Kuwento – 物語 (read Monogatori, meaning a traditional Japanese epic or narrative) is a portrayal of three Japanese folktales by Théatre Lapis and a collaboration between Japanese, French, British and Filipino artists, and storytellers. Through the stunning visuals and immersive stories, I am transported into a world of wonder and fantasy.
I hear three stories: The Tale of Princess Kaguya, Momotaro, and The Fisher Boy Urashima. All three are narrated by our storyteller and his companion (a tortoiseshell cat) who wanders through the three tales with us, sitting in the background or next to key characters. Drawn in beautiful traditional Japanese style and based on ancient Japanese folktales, this piece is a hark back to bedtime stories as a child and the moral lessons that we learn from them.
I am fascinated by Japanese culture and am currently teaching myself Japanese, so I am thrilled to become better acquainted with Japanese children’s equivalents of Aesop’s Fables and the Brothers Grimm. The hour-long amalgamation of stories is beautifully split up by interludes where our narrator speaks to his feline companion. Above them, at a Shinto shrine, are three frames: the frames of our three stories – they fill in with a picture as we progress through them.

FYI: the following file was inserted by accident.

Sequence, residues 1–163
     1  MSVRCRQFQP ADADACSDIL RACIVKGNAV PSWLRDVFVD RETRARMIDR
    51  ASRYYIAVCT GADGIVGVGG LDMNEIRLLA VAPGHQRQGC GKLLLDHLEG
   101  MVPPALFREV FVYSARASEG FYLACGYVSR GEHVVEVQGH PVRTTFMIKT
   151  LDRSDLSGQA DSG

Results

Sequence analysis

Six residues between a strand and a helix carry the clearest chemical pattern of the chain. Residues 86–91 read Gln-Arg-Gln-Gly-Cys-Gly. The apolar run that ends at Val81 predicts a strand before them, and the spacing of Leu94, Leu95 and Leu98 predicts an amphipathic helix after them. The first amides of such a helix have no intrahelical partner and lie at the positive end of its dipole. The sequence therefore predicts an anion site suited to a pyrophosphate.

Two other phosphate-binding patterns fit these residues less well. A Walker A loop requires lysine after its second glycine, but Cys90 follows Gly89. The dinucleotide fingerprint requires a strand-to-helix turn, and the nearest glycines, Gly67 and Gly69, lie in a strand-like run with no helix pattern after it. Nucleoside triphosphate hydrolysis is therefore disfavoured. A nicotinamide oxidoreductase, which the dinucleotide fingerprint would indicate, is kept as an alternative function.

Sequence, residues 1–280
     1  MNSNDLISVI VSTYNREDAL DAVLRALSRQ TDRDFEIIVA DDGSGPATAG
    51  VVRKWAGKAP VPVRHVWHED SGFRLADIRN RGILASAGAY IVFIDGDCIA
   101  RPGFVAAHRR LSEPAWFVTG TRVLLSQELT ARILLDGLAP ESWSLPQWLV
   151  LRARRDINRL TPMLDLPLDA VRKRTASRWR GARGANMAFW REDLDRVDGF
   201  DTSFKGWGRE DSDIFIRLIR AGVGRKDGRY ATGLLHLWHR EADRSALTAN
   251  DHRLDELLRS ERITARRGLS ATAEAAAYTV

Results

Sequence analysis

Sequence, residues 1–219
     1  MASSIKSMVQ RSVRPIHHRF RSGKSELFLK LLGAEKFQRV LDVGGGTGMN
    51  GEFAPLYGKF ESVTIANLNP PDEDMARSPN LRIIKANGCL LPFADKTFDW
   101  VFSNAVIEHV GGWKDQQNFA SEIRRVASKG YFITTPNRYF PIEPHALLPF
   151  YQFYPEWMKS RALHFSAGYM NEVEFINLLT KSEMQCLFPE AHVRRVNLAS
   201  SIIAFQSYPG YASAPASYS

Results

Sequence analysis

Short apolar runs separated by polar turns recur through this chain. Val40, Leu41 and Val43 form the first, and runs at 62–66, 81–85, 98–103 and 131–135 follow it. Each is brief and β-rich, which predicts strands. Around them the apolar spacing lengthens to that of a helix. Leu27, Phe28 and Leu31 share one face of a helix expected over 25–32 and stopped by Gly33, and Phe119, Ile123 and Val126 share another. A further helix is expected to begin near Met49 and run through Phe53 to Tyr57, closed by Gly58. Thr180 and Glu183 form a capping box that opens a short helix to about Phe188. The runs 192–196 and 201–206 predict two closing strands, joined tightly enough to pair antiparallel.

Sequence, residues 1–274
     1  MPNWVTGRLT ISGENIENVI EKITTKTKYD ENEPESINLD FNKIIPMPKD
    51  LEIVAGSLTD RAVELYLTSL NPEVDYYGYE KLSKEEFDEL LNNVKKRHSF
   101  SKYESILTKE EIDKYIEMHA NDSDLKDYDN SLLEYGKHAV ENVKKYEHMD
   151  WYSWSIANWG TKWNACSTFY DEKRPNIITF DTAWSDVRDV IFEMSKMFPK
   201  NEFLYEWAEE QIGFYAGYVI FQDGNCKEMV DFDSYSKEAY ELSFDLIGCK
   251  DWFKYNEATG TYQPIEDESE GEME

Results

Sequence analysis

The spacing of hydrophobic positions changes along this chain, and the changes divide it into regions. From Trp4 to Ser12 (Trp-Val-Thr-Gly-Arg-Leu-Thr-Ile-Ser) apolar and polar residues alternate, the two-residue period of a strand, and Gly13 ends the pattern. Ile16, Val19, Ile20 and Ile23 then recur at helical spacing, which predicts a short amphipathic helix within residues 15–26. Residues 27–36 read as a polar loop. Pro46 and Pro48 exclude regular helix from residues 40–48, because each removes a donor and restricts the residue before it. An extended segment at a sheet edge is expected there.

The Tale of Princess Kaguya illustrates a bamboo cutter’s finding of an infant girl inside a bamboo that glows with gold. Famous in the UK for its adaptation by the highly acclaimed Studio Ghibli, this is the tale I am most familiar with. A tale of the love and loss of a daughter and the impact that family have on us, even when they are gone, is incredibly moving and timely after the last year.
Our second story, Momotaro, tells of a young boy found inside a large peach who (alongside a Monkey, Pheasant and Dog) saves his village from being repeatedly pillaged by neighbouring ogres. Our heroes fill themselves with Dango (Japanese sweet dumplings) and each ball gives them the strength of one hundred men. A testament to bravery and teamwork, it is impossible for this story not to encourage you to keep fighting (and to crave Dango – which are irresistibly portrayed).
Our final tale is of The Fisher Boy, Urashima Taro, who rescues a turtle that is being tormented by some children. As a thanks Urashima is invited to the palace of the turtle’s father– this beautiful underwater castle is filled with sake, a feast, and colourful fish who dance for him. Urashima falls in love with the father’s daughter Otohime and they dance for three days, but he wishes to check on his family back home before he returns to the palace under the sea for good. Unbeknownst to Urashima 400 years have passed and everyone he knows has gone – a sombre ending to the trilogy.
These three adventures whisk you out of your living room and into fantasy worlds while telling moral tales about respecting others, looking after your fellow citizens and the importance of family – all beautiful morals that resonated in the past and the present.
If you’re enjoying our content, then please consider becoming a patreon with every penny going towards keeping paying AYT going and paying our very talented team of young creatives. For more information, visit: https://www.patreon.com/ayoungertheatre